By WONNE Afronelly
Fish form an important link in the food web, from food for wildlife to food for humans, as well as providing nutrients for plants when they die. Small, medium and large fish are an essential part of human natural heritage.
According to the World Fish Migration Foundation, about 50 million people in the Mekong River basin depend on the river and the food it provides for nutrition and income. The collapse of fish stocks has a devastating effect on the food security of these people, which includes millions of the world’s poorest people.
What is Fish Migration?
Fish Migration is a situation triggered by natural or human-made factors that make fishes swim short or long distances daily, yearly, or longer, either to complete life cycle or to avert danger and pollution. Fish migration is necessary for the success and prosperity of aquatic life.
Is Fish Migration the same as Migratory Fish?
Nope. Migratory fish are species that require different environments for significant phases of their life cycle, such as reproduction, production of babies, growth and sexual maturation, and lovemaking. Are you surprised at lovemaking? Well… the butterflyfish are known to stay loyal to one partner in their lifetime.
Three Types of Migratory Fish
Potamodromous species like Carps are freshwater fish and live their entire life cycle within inland waters of a river system, but migrate across distances for different purposes within the river.
Oceanodromous species like Tunas live their entire life cycle in the sea but migrate long distances for different purposes as well.
Diadromous migrate between fresh and saltwater and has two types anadromous and catadromous.
Anadromous species like the salmon hatch in freshwater, but their growth phase in the sea. They migrate back to freshwater for spawning and breeding.
Why do fish migrate?
- Search for food and water.
- Reproduction, production of juveniles, growth, and sexual maturation.
- Proper osmoregulation and more suitable climate conditions.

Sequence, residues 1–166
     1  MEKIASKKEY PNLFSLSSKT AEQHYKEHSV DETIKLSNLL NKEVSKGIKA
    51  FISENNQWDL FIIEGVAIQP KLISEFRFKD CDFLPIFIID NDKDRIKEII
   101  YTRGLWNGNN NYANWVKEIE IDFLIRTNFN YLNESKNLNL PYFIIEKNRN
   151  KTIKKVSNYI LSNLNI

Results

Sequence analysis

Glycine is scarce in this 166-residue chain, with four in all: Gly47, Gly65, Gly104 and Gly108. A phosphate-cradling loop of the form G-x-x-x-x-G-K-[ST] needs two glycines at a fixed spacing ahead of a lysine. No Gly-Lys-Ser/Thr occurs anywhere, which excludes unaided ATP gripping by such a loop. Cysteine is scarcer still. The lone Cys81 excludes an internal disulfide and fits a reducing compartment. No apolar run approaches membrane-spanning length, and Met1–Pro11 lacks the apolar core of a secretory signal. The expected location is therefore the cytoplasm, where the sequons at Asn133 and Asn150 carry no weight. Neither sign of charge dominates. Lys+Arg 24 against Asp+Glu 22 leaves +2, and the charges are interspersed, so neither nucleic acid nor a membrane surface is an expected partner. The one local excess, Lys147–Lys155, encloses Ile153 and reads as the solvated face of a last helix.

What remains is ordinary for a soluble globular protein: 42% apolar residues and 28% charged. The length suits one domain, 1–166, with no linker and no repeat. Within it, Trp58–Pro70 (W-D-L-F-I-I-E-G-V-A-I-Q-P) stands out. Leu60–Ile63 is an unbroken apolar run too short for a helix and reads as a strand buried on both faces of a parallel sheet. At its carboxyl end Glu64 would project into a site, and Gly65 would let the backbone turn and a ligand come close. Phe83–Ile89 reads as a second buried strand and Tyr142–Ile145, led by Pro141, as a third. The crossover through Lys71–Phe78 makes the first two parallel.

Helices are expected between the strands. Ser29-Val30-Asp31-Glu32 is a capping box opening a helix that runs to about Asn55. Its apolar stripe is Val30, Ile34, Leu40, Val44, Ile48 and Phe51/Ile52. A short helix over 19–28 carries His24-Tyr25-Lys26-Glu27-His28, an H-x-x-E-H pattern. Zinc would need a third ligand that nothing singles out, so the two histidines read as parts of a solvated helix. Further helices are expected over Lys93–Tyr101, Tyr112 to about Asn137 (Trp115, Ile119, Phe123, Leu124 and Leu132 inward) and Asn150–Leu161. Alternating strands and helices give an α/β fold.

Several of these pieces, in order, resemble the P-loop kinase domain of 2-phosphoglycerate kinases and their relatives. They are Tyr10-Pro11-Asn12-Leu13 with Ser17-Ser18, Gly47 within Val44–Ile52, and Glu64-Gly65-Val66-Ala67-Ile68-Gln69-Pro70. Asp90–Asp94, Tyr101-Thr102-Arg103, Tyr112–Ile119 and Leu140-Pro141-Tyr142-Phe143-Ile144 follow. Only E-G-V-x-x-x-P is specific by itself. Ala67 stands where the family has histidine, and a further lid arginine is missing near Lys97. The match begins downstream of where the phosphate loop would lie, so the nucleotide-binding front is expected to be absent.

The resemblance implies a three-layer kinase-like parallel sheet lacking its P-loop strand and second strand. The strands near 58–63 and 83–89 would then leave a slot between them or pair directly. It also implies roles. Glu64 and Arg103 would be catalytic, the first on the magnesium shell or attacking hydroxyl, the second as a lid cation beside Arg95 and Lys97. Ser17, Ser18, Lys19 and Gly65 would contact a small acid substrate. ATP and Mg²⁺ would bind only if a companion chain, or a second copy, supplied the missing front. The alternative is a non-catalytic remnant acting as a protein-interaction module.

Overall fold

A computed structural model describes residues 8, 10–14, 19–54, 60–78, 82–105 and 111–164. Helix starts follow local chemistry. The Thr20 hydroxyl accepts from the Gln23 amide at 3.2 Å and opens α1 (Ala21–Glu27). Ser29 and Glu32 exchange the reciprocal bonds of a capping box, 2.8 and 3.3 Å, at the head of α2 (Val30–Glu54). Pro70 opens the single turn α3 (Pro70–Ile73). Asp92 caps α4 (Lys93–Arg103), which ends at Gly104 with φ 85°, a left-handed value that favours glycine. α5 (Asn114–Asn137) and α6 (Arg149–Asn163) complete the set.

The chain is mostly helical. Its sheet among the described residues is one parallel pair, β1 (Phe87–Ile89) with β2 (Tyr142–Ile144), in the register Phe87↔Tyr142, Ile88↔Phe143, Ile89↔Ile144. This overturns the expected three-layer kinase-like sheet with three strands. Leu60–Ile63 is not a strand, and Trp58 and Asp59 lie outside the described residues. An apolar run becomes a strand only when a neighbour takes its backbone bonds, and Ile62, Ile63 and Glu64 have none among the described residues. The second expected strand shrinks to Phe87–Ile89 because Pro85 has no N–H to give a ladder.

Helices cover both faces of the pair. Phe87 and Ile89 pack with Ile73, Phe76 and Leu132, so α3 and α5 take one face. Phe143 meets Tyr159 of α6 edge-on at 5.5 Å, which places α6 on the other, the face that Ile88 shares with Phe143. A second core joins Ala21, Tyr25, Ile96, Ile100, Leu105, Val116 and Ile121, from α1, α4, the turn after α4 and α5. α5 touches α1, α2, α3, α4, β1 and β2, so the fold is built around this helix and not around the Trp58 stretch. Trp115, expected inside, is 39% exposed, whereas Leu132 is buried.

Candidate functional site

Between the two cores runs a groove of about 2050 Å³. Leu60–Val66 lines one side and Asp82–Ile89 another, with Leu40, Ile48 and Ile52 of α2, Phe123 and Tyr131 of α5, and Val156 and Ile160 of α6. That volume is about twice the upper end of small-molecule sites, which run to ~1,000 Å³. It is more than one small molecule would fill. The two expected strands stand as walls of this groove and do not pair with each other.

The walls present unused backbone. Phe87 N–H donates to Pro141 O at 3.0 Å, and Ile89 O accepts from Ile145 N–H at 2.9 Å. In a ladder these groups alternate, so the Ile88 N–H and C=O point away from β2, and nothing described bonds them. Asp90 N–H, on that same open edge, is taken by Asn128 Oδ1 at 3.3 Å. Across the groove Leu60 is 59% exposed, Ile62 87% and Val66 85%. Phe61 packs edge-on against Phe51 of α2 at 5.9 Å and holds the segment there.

- Human environmental pollutants: artificial light, noise, water abstraction, barrier installation, habitat destruction, or incidence of chemical pollution.
Benefits and Importance of Fish Migration
Primary Food Source
Many human populations depend on the presence of predictable migrations of fish for their subsistence and livelihoods.
Conservation and Procreation
Fish migration is significant for the proper environmental conditions for spawning to prevent the extinction of species.
Fish migration enables fast-moving species to settle in areas incapable of inhabitation by otherwise slow rapid fish swimmers as well as exploit fluctuating resources.
Implications and Barriers to Fish Migration
Loss of Livelihoods
When fish can’t complete their migration because of barriers to fish passage – like dams, road culverts, low water levels, and sluices, it recklessly distorts the food web. More than 6 million barriers in the U.S. alone keep fish and other aquatic species like mussels, from reaching their travel destinations.
Loss of Habitat and reproduction sites
Construction of dams, sluices, affects migratory fish habitat. Transformation of lotic to lentic environment habitats can cause the elimination of species that spawn in relatively fast-flowing water during or after river impoundment.
Solutions: Why help fish migrate?
To help stabilize food security and livelihoods as well as sustainable economic growth of valued commercial fish species. Sustainable migration techniques would ensure fish can pass to accommodate species of different migratory behavior, size, and swimming ability especially small catadromous species with limited swimming abilities, which can help reduce the implications of barriers to fish migration.
Every effort will help recover threatened and endangered migratory fish and support sustainability, so we need to play a positive role today no matter how little.